Arm and Finger Knitting

So excited to be part of the blog tour for a fab new book – Arm and Finger Knitting by Laura Strutt of Made Peachy. Here are the other dates if you want to be an Arm Knitting groupie!

Arm and finger knitting blog tour

It’s great when you get hold of a book about a craft that is completely new to you and you love it from the start… I was ordering yarn so that I could have a go, literally minutes after the book arrived through my letter box.

As you can see from the pictures here, a lot of the projects are really enticing, which made me enthusiastic about learning this new skill.

Arm and finger knitting collage

I sometimes find it really tricky to learn from pictures, but the ones in Arm and Finger Knitting are plentiful, clear and instructive, so I didn’t have too much trouble. I taught myself from the book and nearly completed an Infinity Scarf too, all in the time it took to watch a couple of episodes of Cranford (and drink a Cuba Libre!), so you can see how straightforward it is. And very gratifying having something to wear almost immediately. My kind of crafting!

I didn’t really know what to expect – for some reason I thought that arm knitting would involve enormous movements of the arms which would mean no one would share the sofa with me (result!), but it was much more restrained than that, and I found it very intuitive. I only had a couple of issues – I struggled a bit with casting on, because you really have to make sure you are holding each bit of yarn in the right place and in the right way, but once you see the sense of it, that flows pretty easily. When making the scarf itself, the pattern calls for you to use 4 strands of yarn, and I did make the rookie error of losing a strand at once stage – I had to unknit a couple of rows, but that’s no real trial when a row is only 8 stitches!

I confess I haven’t tried the finger knitting, but would really like to, especially as quite a few of the projects combine the two techniques really nice – I love the arm knitted cushion with the woven finger knitting strips, and will definitely be having a go of that one.  Looking at the technique pictures, and at some of the smaller things you can do with finger knitting (corsage, hair bow, hearts), I think it would be a great technique to do with kids. Especially with kids like mine who struggle with motor skills and would find fingers easier than knitting needles I am sure.

There’s a great mix of projects in the book – some for the home and some to wear, and I really like the variety of different yarns that are suggested too – there are lots that are new to me. Laura has a real knack for selecting the right yard for the right project, but if you want to start experimenting (why not?), there’s some really good information about how to substitute yarn for the projects in the book.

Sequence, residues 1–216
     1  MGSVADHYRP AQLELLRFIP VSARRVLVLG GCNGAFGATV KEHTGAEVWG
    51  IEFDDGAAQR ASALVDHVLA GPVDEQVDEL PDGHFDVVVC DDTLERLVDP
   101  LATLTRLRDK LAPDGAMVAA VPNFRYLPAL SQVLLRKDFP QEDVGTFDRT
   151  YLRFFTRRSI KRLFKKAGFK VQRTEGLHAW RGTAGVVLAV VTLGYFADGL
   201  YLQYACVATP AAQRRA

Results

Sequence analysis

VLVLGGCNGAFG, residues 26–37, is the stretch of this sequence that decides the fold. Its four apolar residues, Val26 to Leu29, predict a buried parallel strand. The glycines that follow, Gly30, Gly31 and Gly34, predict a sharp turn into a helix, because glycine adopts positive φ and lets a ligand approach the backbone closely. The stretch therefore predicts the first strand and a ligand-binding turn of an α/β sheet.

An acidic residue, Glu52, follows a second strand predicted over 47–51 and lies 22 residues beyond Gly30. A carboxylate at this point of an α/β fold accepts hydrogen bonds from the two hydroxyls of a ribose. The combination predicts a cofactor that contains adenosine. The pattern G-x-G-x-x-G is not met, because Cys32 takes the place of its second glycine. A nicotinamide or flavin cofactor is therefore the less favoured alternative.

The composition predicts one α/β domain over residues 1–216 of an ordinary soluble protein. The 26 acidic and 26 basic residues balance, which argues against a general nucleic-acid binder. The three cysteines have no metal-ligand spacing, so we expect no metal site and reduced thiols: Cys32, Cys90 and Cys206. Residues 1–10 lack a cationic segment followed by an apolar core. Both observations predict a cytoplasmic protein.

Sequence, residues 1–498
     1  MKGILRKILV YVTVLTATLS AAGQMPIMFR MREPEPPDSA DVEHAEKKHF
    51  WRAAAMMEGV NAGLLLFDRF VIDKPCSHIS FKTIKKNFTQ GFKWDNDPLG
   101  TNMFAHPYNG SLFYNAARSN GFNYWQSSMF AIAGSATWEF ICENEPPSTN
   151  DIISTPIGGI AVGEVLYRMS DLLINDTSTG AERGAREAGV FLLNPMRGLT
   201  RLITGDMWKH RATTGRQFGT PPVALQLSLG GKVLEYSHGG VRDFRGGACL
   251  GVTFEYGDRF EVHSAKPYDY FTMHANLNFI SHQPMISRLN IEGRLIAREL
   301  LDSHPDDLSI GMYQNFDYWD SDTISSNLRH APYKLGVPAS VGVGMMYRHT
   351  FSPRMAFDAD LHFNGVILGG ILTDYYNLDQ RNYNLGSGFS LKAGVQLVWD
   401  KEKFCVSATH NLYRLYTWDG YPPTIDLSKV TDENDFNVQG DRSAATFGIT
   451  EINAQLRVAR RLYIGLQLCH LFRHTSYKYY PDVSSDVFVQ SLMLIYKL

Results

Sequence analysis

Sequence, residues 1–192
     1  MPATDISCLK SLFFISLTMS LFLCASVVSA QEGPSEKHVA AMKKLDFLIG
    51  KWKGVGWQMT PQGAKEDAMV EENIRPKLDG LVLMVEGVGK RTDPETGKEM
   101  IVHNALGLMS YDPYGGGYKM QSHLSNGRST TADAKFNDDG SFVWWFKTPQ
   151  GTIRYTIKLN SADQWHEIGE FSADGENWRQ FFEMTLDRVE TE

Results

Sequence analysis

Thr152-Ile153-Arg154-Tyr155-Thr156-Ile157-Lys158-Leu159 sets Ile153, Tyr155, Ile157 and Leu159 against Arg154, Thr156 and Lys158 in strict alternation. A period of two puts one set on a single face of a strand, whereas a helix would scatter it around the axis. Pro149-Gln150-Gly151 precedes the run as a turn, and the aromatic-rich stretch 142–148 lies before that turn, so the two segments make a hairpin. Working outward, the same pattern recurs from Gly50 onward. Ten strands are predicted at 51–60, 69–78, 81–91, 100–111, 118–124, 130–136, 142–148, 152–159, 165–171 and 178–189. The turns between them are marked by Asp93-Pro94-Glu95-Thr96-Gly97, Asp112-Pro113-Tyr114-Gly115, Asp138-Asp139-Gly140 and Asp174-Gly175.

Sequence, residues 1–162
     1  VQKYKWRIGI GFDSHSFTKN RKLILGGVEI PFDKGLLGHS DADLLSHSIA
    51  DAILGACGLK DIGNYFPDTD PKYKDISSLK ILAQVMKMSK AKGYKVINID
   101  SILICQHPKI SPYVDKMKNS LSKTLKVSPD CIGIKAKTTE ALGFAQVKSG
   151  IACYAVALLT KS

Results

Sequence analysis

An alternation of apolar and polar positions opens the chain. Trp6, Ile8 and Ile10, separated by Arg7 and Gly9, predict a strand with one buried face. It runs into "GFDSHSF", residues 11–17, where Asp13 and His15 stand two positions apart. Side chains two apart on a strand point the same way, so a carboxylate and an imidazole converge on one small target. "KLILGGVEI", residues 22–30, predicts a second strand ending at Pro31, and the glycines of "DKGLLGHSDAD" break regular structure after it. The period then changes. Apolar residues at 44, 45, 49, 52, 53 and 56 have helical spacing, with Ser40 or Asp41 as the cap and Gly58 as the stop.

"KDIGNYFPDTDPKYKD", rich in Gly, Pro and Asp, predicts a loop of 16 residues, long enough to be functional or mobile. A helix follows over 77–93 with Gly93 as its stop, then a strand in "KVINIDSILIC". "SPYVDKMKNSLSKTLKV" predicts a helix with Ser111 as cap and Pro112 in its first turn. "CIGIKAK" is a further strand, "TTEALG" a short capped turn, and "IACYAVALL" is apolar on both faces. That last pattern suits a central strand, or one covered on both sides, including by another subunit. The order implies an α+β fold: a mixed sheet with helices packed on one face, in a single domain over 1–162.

So, here’s my finished scarf!

Arm knitted scarf 2


I used the suggested yarn brands of Rowan Big Wool and Rowan Thick and Thin (and ordered from the super-fast Deramores who are fantastic), but chose different colours – I went with the Big Wool in a shade called Champion (every time I read that, I say it in a Yorkshire accent in my head), and for the Thick and Thin I selected the shade called Soapstone. When they arrived I was a bit worried that they wouldn’t work together, but they actually look great knitted up.

Here’s the scarf in action, all ready for the scary cold weather we have today:

Arm knitted scarf

I completely love it! So thanks to Cico Books for the opportunity to be part of the tour, and to Laura for writing such a fun book!

10 thoughts on “Arm and Finger Knitting

  1. Oh WOW!!! We used to finger knit as kids, and I had completely forgotten about it. This book sounds amazing, and like a must have. I haven’t clicked the link yet, is it available on Amazon for those of us overseas? I have several episodes of Cranford waiting for a project! X!

  2. Looks Fab, must give it a go. I’ve done finger knitting with three of my children, two girls and a boy and they all love it, my eldest girl particularly. The youngest was about four or so when we gave it a go and although the younger needed a bit of input the older ones quickly mastered it.

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